The Unmissable Mural Masterpieces Hidden Around New York City
Not all masterpieces are found inside museums. On walls throughout New York City—including in unexpected places—some of the most talented artists in history left us works of lasting beauty. These eye-catching murals have been painstakingly located and photographed for a gorgeous new book, Murals of New York City: The Best of New York's Public Paintings from Bemelmans to Parrish (Rizzoli) by Glenn Palmer-Smith and photographer Joshua McHugh.
The book gives lavish treatment to dozens of murals, providing multiple, highly detailed images as well as a history and interpretation of each one.
In this exclusive excerpt for Frommer's, get an up-close look at these underappreciated treasures through a few of the book's best pictures. We think you'll agree that these artworks should be tourist attractions in their own right.
Pictured above: As seen on the book's cover, Maxfield Parrish's Old King Cole (1906) presides over The St. Regis New York hotel's King Cole Bar, thought to be the birthplace of the Bloody Mary.
Described by book author Palmer-Smith as "a four-season Central Park fantasy," this work was painted by illustrator Ludwig Bemelmans, the creator of the Madeline series of children's books.
From Murals of New York: "In 1947, [Bemelmans] was approached by Robert Dowling, who owned the Hotel Carlyle at the time and wanted him to paint his whimsical designs on the walls of the hotel bar. Bemelmans traded his work for free rent in one of the luxury apartments in the hotel for a year and a half."
The Carlyle is at 35 E. 76th St. in Manhattan.
From Murals of New York: "A young John Barrymore holds the Yorick-like head of an old John Barrymore. Louis Armstrong, Billie Holiday, and Rudy Valee gather near George Gershwin as Irving Berlin watches in admiration. Duke Ellington plays the piano . . . Observing these virtuosi [is] the great jazz musician 'Bix' Beiderbecke."
Hotel Elysée is at 60 E 54th Street in Manhattan.
From the book: "In March of 1933, just fourteen years after the death of Teddy Roosevelt, the American Museum of Natural History asked for submissions from artists interested in painting a suite of murals to memorialize his life. The jury received twenty-five anonymous sketches and unanimously chose the one belonging to William Andrew Mackay. . . . Each of the three murals occupies an alcove 34 feet high and 62 feet wide, including the adjacent panels. Mackay was paid $60,000, which, in today's dollars, would be somewhere in the upscale neighborhood of $1 million."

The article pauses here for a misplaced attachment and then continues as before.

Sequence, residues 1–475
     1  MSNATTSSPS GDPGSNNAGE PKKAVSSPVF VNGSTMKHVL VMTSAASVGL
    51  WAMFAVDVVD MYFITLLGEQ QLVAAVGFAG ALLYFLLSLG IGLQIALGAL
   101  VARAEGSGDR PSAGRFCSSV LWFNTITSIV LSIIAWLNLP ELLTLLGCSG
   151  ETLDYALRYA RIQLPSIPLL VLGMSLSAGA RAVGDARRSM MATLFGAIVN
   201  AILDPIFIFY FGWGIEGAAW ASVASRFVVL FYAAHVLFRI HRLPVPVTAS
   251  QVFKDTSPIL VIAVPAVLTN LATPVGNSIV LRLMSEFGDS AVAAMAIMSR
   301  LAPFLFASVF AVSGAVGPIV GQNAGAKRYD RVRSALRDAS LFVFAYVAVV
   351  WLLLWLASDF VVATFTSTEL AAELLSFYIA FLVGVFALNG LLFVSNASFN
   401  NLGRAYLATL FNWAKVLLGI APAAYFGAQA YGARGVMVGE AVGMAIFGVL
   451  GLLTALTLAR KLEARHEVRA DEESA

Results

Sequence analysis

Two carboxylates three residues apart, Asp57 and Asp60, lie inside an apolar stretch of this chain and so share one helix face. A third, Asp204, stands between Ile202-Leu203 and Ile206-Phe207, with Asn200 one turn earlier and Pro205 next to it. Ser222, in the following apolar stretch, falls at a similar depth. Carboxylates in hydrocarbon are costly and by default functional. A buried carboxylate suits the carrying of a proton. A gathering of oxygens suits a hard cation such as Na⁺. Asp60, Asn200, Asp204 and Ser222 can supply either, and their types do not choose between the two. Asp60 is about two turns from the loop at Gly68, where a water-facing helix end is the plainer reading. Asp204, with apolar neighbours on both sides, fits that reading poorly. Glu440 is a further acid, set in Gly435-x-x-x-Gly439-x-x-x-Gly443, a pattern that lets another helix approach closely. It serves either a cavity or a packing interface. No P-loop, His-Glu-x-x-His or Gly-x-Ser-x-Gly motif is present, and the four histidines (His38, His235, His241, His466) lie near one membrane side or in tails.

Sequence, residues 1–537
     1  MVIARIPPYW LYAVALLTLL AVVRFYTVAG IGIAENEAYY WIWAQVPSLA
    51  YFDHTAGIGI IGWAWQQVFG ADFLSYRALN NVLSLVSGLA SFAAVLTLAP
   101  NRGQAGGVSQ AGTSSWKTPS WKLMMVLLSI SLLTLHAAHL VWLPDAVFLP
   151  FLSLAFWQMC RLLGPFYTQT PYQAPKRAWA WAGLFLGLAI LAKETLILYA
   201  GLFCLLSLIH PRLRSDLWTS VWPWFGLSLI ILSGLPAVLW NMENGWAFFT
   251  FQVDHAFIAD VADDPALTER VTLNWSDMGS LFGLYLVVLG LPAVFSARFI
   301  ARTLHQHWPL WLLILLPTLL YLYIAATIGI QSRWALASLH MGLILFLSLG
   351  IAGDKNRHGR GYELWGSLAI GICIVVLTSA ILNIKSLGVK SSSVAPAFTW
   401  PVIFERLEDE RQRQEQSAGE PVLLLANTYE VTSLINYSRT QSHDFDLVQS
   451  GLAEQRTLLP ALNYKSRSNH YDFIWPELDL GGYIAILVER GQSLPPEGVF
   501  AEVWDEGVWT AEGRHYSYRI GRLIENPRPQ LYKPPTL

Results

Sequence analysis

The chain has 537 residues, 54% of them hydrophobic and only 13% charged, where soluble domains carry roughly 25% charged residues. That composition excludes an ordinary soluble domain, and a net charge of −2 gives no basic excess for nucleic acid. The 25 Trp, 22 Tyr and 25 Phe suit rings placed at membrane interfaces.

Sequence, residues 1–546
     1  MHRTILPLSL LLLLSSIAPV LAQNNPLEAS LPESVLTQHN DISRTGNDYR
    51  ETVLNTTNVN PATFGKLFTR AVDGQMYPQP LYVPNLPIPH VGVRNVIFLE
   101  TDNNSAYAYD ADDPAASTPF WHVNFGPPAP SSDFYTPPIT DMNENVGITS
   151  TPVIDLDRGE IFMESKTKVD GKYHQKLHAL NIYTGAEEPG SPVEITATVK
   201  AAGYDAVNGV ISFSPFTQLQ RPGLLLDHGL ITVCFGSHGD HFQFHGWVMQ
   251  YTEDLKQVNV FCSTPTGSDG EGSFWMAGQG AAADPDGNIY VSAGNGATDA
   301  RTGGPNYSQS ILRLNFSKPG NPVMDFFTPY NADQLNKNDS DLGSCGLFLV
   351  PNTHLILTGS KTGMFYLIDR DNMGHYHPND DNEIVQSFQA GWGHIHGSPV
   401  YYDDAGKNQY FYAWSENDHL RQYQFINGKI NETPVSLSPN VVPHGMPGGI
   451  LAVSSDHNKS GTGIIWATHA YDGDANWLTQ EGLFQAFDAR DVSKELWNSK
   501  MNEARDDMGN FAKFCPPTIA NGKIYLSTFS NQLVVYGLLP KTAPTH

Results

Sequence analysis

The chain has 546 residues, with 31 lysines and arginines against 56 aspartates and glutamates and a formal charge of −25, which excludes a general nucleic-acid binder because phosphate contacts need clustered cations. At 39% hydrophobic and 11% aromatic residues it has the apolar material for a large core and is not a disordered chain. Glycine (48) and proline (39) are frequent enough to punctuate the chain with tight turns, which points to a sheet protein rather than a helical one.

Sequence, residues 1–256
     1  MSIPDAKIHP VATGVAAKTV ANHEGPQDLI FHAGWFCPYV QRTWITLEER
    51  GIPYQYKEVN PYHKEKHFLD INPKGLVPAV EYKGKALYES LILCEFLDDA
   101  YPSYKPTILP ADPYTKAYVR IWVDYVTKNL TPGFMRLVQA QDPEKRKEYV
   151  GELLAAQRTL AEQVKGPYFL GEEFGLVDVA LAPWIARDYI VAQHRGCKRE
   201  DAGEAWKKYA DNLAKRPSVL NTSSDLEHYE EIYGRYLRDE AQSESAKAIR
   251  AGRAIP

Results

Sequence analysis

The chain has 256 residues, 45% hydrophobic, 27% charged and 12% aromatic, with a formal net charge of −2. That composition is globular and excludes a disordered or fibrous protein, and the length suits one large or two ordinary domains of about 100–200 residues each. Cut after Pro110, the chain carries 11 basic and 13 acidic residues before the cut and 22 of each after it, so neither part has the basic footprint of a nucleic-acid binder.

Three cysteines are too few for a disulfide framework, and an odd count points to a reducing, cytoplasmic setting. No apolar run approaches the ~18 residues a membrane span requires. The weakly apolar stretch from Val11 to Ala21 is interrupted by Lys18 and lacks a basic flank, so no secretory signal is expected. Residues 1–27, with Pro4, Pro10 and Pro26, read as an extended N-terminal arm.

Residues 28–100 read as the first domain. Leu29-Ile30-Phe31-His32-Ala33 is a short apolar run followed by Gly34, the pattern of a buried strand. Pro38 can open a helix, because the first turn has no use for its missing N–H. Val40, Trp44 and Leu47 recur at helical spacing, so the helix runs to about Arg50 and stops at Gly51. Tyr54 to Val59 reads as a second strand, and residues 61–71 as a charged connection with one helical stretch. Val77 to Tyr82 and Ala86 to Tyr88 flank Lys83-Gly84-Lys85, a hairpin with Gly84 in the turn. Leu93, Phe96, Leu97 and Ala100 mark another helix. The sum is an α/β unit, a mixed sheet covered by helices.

The American Museum of Natural History is on Central Park West between 77th and 81st streets.
From the book: "When it opened on the second day of the twentieth century, the Appellate Division courthouse was not only the grandest courthouse in America, it also represented the zenith of American mural painting. It is remarkable, and almost inconceivable in today's world of celebrity artists, that the ten leading painters of the day, all chosen by [architect James Brown] Lord to paint the courthouse murals, agreed to form a committee, headed by John La Farge, to ensure that their diverse styles could be modulated into a harmonious whole and to resolve any conflicts."
The New York State Supreme Court, Appellate Division is at 27 Madison Ave. on Madison Square.
From the book: "[Artist Keith Haring's] line silhouettes of figures and, in particular, 'Radiant Baby' [his symbol for life, happiness, and new energy] underscored his belief that art could heal. In 1986, he donated a mural, a joyous painting with colorful splashes behind dancing figures and images of families and pregnant women and his famous barking dog, to the Woodhull Medical Center in Brooklyn to acknowledge their dedication to pediatric AIDS research and treatment."
The Woodhull Medical Center is at 760 Broadway in Brooklyn.
In 1930, Edward Trumbull was awarded a commission to paint a 76-by-100-foot mural on the lobby ceiling of the new Chrysler Building.
From Murals of New York: "A brochure from the 1930s states that the mural, originally titled Energy, Result, Workmanship, and Transportation but later renamed Transport and Human Endeavor, represents 'brawny man power, symbolic of the vitality and the force typical of our age. The power of the individual worker who labors with his hands, [and] the muscled giant whose brain directs his boundless energy to the attainment of the triumphs of this mechanical era in that never-ending struggle to bend the elements to his will.'"
The Chrysler Building is located at 405 Lexington Ave. in Manhattan.
From the book: "Painted between 1940 and 1942, Flight was the last and largest mural produced under the auspices of the [Works Progress Administration]. The painting, measuring 237 feet long by 22 feet high, depicts the evolution of man's quest to conquer the skies, from legends to prehistory to transoceanic air travel."
Ten years later, the mural's depiction of toiling workers was deemed politically unsavory and authorities hid the mural by covering its top coat of varnish with a thick layer of gray paint. Not until 1980 was the masterpiece beneath rediscovered and restored.
"Today," Murals of New York continues, "in contrast to our perspective of democratized opportunity, Flight offers a glimpse into a time when air travel was considered a luxury reserved for the rich—and when the thought of ordinary people enjoying that freedom was dangerously subversive."
The Marine Air Terminal, which currently serves JetBlue flights, is the oldest terminal at LaGuardia Airport in Queens.
For many more incredible photos of New York City murals, as well as deeper analysis, consult the 228-page Murals of New York City, published by Rizzoli (RizzoliUSA.com).